Therefore, mortal, get yourself gear for exile…” Ezekiel 12:3

My friend and colleague Danya Ruttenberg recently wrote a powerful essay called “Parenting for the Resistance” in which she describes one practice by which she is teaching her son to act against the norms of a Trumpian age. She packs a note in his lunchbox everyday with a specific ask. (Its a great piece and you should read it.) The essay reminded me of notes I sent with my daughter Shachar (who is now in college), when she went off on her sixth grade trip to Israel. I don’t often write about my children (and I got permission from her for this blog post), but Danya’s piece pushed me to realize that explicitly parenting for the resistance is now an obligation—and nobody can do it on their own, we need to start sharing best practices. [pullquote] Danya’s piece pushed me to realize that explicitly parenting for the resistance is now an obligation—and nobody can do it on their own, we need to start sharing best practices.
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My daughter went to a Conservative Day School until eighth grade. While there were many things to recommend it, I had given up on trying to impact the way they taught about Israel by the third grade. My partner and I relied on the fact that our conversations with Shachar, and the conversations she heard around our Shabbat table would be enough counterprogramming. (As Gershom Gorenberg has said: “If you don’t brainwash your own child, somebody else will.”) Every once in a while I got some hard evidence of success, like the time that Shachar told me that she asked her teacher: “But isn’t Yom Yerushalayim a sad day for the Palestinians?” [pullquote align=left] I wanted Shachar to experience Israel. To get to know a different country and culture. To spend a significant amount of time with kids whose day to day reality was very differen than hers. I was, however, wary of the educational lessons that might be imparted about Israel, the Occupation, and the Palestinians.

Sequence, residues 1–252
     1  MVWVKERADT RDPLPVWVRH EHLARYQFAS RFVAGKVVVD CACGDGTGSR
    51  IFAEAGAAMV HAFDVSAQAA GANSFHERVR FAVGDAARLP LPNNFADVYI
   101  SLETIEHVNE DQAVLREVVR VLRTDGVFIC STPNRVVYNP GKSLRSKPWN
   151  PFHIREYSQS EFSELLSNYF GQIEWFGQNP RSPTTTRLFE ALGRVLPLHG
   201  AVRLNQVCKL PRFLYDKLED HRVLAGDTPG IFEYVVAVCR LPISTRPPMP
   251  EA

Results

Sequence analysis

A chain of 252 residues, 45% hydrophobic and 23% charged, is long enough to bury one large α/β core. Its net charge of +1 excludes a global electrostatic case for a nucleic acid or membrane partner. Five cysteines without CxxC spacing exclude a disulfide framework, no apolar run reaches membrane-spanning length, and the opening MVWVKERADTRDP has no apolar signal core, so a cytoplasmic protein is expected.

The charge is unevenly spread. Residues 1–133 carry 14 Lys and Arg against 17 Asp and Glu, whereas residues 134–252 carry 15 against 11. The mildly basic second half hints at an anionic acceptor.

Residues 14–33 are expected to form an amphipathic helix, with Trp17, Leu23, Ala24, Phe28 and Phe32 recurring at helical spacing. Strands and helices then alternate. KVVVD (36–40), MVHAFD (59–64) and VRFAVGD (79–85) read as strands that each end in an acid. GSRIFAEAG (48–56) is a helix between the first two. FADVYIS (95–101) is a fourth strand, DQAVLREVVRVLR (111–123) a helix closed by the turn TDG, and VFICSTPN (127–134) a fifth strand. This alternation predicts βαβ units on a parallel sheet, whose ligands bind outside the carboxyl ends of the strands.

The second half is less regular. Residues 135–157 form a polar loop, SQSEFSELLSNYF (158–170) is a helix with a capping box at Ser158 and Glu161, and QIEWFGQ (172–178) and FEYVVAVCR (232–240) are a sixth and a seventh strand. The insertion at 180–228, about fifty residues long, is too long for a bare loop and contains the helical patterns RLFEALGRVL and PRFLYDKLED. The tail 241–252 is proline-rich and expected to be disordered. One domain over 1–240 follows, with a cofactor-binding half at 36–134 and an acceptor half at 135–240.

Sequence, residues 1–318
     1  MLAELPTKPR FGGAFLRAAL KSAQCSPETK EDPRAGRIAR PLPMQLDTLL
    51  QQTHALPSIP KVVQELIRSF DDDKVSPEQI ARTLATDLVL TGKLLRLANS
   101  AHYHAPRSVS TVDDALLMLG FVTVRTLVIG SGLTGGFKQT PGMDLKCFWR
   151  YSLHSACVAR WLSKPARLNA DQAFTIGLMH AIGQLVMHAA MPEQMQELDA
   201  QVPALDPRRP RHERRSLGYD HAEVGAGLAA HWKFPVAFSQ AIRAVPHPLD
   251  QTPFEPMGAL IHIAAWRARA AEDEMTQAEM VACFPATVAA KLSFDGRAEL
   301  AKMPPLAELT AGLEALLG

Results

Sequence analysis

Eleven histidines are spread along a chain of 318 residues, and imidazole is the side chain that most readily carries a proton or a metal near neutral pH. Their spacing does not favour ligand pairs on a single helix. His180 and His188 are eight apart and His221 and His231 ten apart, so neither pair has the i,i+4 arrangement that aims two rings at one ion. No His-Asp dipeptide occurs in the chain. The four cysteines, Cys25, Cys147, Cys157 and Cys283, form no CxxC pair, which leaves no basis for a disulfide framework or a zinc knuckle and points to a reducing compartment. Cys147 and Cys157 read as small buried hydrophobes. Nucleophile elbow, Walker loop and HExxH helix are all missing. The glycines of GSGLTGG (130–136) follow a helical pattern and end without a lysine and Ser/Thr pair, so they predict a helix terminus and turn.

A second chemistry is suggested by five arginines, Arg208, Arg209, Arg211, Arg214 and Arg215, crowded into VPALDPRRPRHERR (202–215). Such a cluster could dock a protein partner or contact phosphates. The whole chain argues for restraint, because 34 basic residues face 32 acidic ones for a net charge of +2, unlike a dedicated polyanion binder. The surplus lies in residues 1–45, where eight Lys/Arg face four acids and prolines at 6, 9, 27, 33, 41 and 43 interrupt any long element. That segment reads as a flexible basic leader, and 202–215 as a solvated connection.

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In sixth grade, Shachar’s school (as many other day schools) have an exchange program with an Israeli school. A sixth grade class from Tel Aviv comes to Los Angeles for a week in the fall, and then the Los Angeles students go to Tel Aviv for a week in the Spring. The spring visit is very strategically planned to coincide with Yom Hashoah/Holocaust remembrance day (their first full day in Israel) and the back to back commemorations of Yom Hazikaron/Memorial Day and Yom Ha-atzmaut/Israel Independence Day. In between they spend a Shabbat in Jerusalem without the host school kids (because, apparently, there is no Shabbat in Tel Aviv).

I wanted Shachar to experience Israel. To get to know a different country and culture. To spend a significant amount of time with kids whose day to day reality was very differen than hers. I was, however, wary of the educational lessons that might be imparted about Israel, the Occupation, and the Palestinians.

To make sure that Shachar had an alternative frame to the one she would be given by the trip leaders and teachers, I did two things. First, I sent notes with her for every day of her trip. The notes themselves, as I remember it, were not my my idea. I think that the school suggested them to prevent or ameliorate homesickness. I wrote each note corresponding to the day of the counting of the Omer (the forty nine day period between the first day of Passover and the beginning of Shavuot), and cued to the activity of the day. The notes on the whole were to help her frame her experiences, and to push her to think about the trip also through a spiritual or religious frame.